1. What's his problem with organic? He didn't say, he just lumped it together with other things new-agers tend to believe in. Organic farming might not be practical on a large scale, but I'd like to know what he has against compost and integrated pest management.

2. Picture of Alli weight loss product with all the other nostrums. (Unfortunately) Alli is FDA approved.

Now if I could just get the people who really need to see this to watch the whole thing.

Mon, 08 Dec 2008 12:51:00 UTC | #284650

Colwyn Abernathy's Avatar Comment 10 by Colwyn Abernathy

Caudimordax,

I was surprised to see Alli in there as well. I honestly don't know much about it. Then again, I hadn't realized Zicam was homeopathic till my Mum gave me a box of the swabs.

Guess what? They don't work. ;)

Mon, 08 Dec 2008 12:58:00 UTC | #284652

Caudimordax's Avatar Comment 12 by Caudimordax

"Proof by Verbosity": I always wondered what to call that (other than "bury 'em with bullshit.") I think I've seen some of that on this site now and again. (I seem to remember some troll going on and on about holes - or maybe it was no holes - in the roofs of concentration camp buildings.)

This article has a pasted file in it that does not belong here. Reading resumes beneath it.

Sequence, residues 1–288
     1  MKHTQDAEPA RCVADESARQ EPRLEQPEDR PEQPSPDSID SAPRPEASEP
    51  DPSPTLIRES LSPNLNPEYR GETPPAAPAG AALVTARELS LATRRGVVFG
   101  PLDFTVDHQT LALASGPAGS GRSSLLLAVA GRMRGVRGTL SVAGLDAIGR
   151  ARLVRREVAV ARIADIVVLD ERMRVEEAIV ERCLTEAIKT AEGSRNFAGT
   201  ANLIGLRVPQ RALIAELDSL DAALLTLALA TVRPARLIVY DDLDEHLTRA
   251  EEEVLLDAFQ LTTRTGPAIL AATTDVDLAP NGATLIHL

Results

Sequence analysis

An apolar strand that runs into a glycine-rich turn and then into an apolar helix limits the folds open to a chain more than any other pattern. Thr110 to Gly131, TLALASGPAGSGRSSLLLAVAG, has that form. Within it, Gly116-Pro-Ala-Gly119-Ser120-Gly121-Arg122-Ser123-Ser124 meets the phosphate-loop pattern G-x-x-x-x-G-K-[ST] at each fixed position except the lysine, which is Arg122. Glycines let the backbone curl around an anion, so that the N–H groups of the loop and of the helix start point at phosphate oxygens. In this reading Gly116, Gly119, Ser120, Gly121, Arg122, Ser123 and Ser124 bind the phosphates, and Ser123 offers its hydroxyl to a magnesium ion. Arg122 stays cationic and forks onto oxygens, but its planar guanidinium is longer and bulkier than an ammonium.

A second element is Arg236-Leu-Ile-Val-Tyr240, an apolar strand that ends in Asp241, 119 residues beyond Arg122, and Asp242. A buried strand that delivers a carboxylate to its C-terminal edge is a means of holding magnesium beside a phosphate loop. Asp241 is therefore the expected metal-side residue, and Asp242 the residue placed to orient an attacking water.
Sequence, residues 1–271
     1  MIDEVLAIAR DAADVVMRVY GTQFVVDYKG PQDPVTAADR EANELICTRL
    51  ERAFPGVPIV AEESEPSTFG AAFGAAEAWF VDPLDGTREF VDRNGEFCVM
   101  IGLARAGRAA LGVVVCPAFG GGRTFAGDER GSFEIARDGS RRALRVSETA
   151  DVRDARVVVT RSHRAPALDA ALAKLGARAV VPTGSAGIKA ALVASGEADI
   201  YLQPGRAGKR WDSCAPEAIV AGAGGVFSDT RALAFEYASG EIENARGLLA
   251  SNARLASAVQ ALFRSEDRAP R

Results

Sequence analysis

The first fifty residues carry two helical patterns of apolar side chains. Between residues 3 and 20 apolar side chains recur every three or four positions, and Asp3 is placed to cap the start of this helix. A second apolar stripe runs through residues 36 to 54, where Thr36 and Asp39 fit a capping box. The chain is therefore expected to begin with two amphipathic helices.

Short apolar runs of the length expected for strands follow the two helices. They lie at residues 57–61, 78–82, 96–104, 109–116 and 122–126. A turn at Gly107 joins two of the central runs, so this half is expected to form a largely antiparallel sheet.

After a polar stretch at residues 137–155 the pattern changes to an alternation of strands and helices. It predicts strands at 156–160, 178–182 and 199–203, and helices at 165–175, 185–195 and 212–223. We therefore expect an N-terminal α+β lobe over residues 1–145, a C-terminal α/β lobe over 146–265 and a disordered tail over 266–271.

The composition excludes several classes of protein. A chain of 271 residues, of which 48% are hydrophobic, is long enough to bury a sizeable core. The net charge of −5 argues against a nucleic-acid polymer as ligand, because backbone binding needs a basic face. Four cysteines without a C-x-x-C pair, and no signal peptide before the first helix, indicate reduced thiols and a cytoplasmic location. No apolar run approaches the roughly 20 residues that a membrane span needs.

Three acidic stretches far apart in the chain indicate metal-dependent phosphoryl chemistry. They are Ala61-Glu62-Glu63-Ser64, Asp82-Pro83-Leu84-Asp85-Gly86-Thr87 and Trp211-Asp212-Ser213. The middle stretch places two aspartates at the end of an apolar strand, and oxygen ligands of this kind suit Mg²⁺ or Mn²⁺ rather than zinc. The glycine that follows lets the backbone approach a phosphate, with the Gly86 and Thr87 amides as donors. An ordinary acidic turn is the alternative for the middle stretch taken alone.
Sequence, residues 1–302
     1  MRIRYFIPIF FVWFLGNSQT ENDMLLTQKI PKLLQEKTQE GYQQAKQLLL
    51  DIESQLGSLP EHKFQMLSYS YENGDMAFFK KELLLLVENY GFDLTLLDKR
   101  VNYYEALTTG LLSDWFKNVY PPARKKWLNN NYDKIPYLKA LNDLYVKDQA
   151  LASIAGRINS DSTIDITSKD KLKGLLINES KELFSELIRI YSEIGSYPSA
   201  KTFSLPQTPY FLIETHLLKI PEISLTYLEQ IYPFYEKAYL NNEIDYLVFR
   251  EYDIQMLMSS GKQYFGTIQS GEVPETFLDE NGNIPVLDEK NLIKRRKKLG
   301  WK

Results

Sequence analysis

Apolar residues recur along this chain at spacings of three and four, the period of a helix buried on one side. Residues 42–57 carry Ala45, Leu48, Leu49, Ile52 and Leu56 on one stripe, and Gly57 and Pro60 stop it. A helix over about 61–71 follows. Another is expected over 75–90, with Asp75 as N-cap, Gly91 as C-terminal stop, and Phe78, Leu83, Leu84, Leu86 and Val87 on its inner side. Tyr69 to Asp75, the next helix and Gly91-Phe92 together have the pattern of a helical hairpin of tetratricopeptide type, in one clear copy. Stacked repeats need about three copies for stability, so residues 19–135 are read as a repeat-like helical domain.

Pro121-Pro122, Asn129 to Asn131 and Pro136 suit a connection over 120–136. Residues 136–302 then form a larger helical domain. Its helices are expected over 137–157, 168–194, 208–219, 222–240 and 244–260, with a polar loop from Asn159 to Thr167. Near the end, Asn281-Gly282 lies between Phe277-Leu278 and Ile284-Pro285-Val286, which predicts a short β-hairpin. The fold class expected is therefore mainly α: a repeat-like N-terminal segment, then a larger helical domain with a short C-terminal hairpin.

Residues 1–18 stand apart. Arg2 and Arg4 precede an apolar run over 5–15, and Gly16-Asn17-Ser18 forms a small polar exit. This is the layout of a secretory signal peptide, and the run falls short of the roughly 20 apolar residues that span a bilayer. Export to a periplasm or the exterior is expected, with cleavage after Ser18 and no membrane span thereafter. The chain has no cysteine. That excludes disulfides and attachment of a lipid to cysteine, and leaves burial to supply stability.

Mon, 08 Dec 2008 12:59:00 UTC | #284654

Cube's Avatar Comment 11 by Cube

What's his problem with organic?


This was addressed in one of his weekly podcasts. You can read/listen to it here:

http://skeptoid.com/episodes/4019#

Mon, 08 Dec 2008 12:59:00 UTC | #284653

Chris Davis's Avatar Comment 13 by Chris Davis

Charming stuff. But then it finishes, and we're back on this ghastly planet where nearly everything he says is anathema.

Mon, 08 Dec 2008 12:59:00 UTC | #284655

Caudimordax's Avatar Comment 14 by Caudimordax

I was surprised to see Alli in there as well. I honestly don't know much about it.


Alli essentially prevents the intestines from absorbing most fat content in your food which means - well, it's sort of disgusting. But it does work. As far as I'm concerned, so would a tape worm.

Mon, 08 Dec 2008 13:03:00 UTC | #284658

Caudimordax's Avatar Comment 15 by Caudimordax

11. Comment #298708 by Cube

I'm reading that episode about organic foods, and I was stopped cold when I saw the link to ConsumerFreedom.org, which is a front for agribusiness interests (I need to go back and check my facts, but I looked into them a long time ago) From their website: